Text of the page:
Forklift Danceworks brings trees to center stage at Fusebox Festival

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Urban Forestry Division employee Maurice Segura practices rappelling down a tree for “The Trees of Govalle” on Tuesday afternoon. A choreographed climb to music, “The Trees of Govalle” tells the stories of its performers as a part of Fusebox Festival.
Photo Credit: Ellyn Snider | Daily Texan Staff

Although the employees of Austin’s Parks and Recreation Department’s Urban Forestry Division aren’t classically trained in dance, they’re the stars of Forklift Danceworks’ latest production, “The Trees of Govalle.” 

The Urban Forestry Division will perform “The Trees of Govalle” on April 11 and 12 as part of Fusebox Festival. The festival opens Wednesday and celebrates art from a variety of mediums, including music, visual arts and theater. Forklift’s dance focuses on the Urban Forestry workers and the trees in East Austin’s Govalle Park. 

“By utilizing the stories of community members and featuring performances by neighborhood artists … ‘The Trees of Govalle’ will celebrate the area’s rich history and tell stories of some of Austin’s longtime residents,” according to a press release from Forklift Danceworks.

Forklift Danceworks has a 14-year history of telling
often-overlooked stories through dance, said founder Allison Orr. In the past, they’ve worked with sanitation workers, baseball teams and firefighters.

“We make dances with people who aren’t dancers — or who aren’t thought of as dancers — but who work in a skillful and artful way,” Orr said. 

Choreographer Krissie Marty said she and Orr usually find their subjects while driving around Austin, but “The Trees of Govalle” began when the Urban Forestry Division approached them. She said they received an email with the subject line: “Interested in trees?” 

“We would approach communities and ask them to collaborate,” Marty said. “But, now, we’ve gotten a bit of a following, and organizations are starting to come to us.”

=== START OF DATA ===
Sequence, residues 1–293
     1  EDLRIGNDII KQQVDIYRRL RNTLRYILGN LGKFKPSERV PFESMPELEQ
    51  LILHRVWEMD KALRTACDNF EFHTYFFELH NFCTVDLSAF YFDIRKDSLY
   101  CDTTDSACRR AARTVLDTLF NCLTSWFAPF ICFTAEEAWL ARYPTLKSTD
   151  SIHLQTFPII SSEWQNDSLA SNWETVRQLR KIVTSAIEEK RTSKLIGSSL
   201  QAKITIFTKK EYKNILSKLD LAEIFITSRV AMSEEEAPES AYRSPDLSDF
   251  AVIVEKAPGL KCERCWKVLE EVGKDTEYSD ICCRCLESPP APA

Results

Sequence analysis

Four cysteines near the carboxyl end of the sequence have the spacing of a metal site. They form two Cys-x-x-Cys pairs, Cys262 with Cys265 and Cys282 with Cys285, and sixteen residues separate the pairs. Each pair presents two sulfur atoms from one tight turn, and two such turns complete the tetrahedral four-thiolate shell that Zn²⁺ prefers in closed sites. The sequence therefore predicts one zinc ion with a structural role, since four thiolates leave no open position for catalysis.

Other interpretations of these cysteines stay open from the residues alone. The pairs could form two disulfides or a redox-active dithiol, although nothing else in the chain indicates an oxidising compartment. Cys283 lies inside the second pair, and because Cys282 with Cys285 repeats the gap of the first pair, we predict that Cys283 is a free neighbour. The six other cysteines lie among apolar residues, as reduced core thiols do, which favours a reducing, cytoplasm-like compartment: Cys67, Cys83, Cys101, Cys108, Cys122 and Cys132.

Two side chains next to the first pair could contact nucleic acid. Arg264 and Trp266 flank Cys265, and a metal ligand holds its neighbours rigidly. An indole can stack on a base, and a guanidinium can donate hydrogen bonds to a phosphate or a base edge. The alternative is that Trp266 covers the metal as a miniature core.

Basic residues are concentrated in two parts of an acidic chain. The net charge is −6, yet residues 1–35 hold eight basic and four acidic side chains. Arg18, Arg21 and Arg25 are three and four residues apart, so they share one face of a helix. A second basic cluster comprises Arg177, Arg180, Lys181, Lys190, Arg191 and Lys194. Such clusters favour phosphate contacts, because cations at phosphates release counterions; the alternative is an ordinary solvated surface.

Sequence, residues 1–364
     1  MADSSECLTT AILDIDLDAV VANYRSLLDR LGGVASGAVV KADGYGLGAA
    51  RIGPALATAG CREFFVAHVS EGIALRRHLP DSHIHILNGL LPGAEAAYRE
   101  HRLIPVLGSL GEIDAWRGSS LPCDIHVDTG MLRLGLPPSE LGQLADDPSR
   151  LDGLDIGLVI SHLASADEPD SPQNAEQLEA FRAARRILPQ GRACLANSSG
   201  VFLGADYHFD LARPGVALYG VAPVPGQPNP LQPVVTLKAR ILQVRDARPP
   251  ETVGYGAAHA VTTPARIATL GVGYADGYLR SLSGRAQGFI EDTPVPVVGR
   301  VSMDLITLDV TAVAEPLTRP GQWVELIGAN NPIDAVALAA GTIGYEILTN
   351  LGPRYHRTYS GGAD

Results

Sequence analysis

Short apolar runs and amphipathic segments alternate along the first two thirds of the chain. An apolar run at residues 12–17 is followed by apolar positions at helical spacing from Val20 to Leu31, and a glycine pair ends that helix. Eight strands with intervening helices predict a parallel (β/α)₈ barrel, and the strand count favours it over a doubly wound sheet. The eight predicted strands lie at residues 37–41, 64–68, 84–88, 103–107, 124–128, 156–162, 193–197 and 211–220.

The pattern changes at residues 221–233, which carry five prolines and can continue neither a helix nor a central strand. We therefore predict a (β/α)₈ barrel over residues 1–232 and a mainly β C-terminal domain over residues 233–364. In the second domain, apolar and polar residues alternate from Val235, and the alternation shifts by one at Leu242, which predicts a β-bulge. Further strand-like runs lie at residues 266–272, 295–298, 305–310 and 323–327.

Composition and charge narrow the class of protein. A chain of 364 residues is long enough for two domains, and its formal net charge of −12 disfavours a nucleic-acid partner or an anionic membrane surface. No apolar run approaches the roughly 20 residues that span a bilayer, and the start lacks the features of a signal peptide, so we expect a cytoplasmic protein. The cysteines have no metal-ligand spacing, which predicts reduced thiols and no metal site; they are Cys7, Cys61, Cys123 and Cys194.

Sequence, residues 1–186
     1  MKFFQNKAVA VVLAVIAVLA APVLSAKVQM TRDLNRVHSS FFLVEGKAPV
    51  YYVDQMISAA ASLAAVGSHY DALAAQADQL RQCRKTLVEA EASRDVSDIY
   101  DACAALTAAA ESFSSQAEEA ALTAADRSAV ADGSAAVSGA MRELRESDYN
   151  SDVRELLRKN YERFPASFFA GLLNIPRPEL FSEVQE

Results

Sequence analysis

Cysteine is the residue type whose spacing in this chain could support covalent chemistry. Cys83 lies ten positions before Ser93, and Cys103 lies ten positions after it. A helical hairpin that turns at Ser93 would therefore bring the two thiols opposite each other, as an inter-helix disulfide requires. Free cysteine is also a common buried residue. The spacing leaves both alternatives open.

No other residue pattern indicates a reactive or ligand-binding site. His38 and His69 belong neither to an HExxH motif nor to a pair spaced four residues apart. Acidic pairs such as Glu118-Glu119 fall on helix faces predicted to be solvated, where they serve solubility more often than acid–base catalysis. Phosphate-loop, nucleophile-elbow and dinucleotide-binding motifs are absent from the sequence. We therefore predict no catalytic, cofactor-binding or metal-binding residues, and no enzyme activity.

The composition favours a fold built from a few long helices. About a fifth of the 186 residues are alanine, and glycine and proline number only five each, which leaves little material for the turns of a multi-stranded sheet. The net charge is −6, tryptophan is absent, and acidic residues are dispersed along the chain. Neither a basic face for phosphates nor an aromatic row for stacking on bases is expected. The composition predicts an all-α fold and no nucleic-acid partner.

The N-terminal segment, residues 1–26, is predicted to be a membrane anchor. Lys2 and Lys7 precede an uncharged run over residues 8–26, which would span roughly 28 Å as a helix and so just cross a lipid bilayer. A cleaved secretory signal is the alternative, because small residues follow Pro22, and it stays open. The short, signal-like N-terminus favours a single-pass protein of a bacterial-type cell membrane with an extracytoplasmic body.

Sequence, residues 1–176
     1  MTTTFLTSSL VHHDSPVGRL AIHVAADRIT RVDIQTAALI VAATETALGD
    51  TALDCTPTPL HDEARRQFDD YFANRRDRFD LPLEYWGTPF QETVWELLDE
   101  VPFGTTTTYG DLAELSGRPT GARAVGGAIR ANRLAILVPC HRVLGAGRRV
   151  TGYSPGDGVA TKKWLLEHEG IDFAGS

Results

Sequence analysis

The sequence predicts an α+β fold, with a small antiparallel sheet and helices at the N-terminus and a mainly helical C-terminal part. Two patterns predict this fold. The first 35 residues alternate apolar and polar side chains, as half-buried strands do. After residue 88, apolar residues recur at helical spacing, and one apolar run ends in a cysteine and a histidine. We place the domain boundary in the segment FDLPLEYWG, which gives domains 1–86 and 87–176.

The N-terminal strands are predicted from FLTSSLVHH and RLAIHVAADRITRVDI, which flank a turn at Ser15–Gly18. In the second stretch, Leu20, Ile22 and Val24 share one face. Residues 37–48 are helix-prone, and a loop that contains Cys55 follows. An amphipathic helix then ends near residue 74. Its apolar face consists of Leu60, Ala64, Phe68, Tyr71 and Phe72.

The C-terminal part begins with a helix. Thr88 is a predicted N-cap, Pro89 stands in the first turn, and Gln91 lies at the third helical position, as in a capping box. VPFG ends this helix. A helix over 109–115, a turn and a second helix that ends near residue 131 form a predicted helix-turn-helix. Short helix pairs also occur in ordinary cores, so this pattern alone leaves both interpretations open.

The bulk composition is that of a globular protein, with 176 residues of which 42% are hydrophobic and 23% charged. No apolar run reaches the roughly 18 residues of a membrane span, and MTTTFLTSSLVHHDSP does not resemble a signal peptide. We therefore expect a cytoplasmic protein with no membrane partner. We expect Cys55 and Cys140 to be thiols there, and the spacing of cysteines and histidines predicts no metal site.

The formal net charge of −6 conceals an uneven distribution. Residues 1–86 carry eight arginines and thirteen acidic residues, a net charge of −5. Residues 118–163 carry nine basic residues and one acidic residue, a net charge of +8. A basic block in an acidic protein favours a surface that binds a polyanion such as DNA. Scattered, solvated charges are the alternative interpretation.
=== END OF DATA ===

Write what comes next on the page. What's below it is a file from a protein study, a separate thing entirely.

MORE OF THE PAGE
Orr and Marty both trained professionally in dance, but they intentionally work with people who aren’t practiced dancers. Marty said this redefines the idea of dance and who can perform. 

“We define dancing as a design in space and time, not in having predetermined steps,” Marty said. “I ask people, ‘What is your definition of dance and dancers, and why do you define them that way?’”   

In “The Trees of Govalle,” the forest is the performers’ stage.  Orr said the dance showcases the often-unnoticed dedication the Urban Forestry Division puts into caring for the thousands of trees across Austin. 

“We get to show this amazingly hard and challenging work that people do in our community,” Orr said. 

During the process of choreographing “The Trees of Govalle,” Orr said the Urban Forestry Division employees worked closely with the Forklift team. 

“We got [the Urban Forestry Division] involved in the process,” Orr said. “So these workers aren’t just performing. They are creating right alongside our team.” 

While creating the dance, Marty took movements the workers already knew, such as tree climbing, and turned them into choreography. She said the performance highlights the work the arborists do but in a theatrical way. 

“We’re taking the movements that these workers already know and are familiar with and highlighting the beauty and elegance in them,” Marty said.

The last round of tickets will be released when Fusebox Festival opens Wednesday. The show is free to attend but requires a reservation.